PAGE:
Tuesday, April 14, 2020
We need more statesmen and fewer politicians
United Nations Headquarters in New York City - Shutterstock.com
“What the statesman is most anxious to produce is a certain moral character in his fellow citizens; namely a disposition to virtue and the performance of virtuous actions.”
For the first time in decades, the COVID-19 pandemic has brought a ubiquitous world appeal from democracies, theocracies, monarchies and even some dictatorships for a geopolitical collaboration to resolve this epidemic. Most global political elocution has been drowned out by the pleas from our world citizens for a collegial solution to this ecumenical socio-economic tragedy. The narrative from every continent calls for a collective effort from a covenant of worldly statesmen to solve this crisis.
The concept of statesmanship has been around since antiquity. In a pure sense, a statesman is a civil official who posseses leadership skills to guide fellow citizens under principled fundamental laws. Statesmanship asserts the people’s will is the rule of the state. But in today’s neoteric governments, statesmanship takes a back seat to politics. Since politics has usurped governing, true statesmen today are not appreciated since their allegiance is to people and their office, not to political parties.
As the drama of this pandemic unfolds, we are discovering the world has far more politicians than statesmen. Since politicians are more concerned about the next election than they are about facing problems they were elected to solve, the work of statesmen has been overshadowed by disruptive political hyperbole.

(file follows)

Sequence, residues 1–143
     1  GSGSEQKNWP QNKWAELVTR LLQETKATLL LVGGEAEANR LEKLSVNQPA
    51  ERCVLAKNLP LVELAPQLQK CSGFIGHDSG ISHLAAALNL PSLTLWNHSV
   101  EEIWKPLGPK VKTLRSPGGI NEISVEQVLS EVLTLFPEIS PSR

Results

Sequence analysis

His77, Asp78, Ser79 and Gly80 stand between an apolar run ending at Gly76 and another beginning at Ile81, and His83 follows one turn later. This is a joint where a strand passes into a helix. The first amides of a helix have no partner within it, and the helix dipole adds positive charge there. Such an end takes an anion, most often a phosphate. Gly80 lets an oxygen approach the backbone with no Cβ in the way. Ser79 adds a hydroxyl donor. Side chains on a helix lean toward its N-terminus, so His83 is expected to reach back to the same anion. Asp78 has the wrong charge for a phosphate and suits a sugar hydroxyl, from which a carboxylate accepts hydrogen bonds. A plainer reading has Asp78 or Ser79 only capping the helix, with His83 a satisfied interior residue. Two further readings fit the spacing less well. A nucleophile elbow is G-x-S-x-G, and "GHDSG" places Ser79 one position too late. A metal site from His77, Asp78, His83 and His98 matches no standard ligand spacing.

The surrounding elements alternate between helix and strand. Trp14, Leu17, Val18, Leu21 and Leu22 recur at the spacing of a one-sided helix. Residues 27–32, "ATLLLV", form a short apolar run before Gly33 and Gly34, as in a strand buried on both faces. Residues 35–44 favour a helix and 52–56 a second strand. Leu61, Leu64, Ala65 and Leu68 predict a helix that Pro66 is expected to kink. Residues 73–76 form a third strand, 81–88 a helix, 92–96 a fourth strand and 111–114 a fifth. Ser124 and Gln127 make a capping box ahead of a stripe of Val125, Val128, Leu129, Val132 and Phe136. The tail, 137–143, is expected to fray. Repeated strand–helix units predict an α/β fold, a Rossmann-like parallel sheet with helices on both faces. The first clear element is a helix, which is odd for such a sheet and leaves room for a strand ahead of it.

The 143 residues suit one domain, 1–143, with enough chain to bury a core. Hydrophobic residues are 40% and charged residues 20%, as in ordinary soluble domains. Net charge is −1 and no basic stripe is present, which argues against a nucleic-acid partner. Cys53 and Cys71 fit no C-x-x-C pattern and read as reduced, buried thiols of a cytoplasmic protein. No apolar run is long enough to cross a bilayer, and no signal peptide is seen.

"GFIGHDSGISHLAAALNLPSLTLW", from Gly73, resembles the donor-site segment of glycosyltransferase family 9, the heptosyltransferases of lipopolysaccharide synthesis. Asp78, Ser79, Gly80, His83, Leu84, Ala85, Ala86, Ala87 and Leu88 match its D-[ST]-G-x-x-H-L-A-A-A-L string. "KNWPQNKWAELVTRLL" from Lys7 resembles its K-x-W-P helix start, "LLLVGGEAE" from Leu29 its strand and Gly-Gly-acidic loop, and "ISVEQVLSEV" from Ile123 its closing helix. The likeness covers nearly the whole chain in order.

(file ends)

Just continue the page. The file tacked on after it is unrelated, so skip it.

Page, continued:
“The statesman shears the sheep; the politician skins them.”
– Austin O'Malley
Image: Austin O'Malley
The U. N. Security Council, the international forum, hasn’t held a session on COVID-19 to discuss a unified plan to share research and resources. The European Union, conceived to promote harmony and cooperation among its members and solve problems, is limiting exports of medical supplies to other members who barely communicate with each other. And China does what’s best for China.
As epidemiologists track the spread of COVID-19 and watch it manifest into a global pandemic, the economists predict doom for world economies. This empyrean outbreak has caused havoc in stock markets and global supply chains. The Organization for Economic Cooperation predicts that global growth will be cut in half with this lethal virus. Their chief advisor, Laurence Boone, said, “It will take a world effort to contain this. Someone must lead the coalition before it gets further out of control.”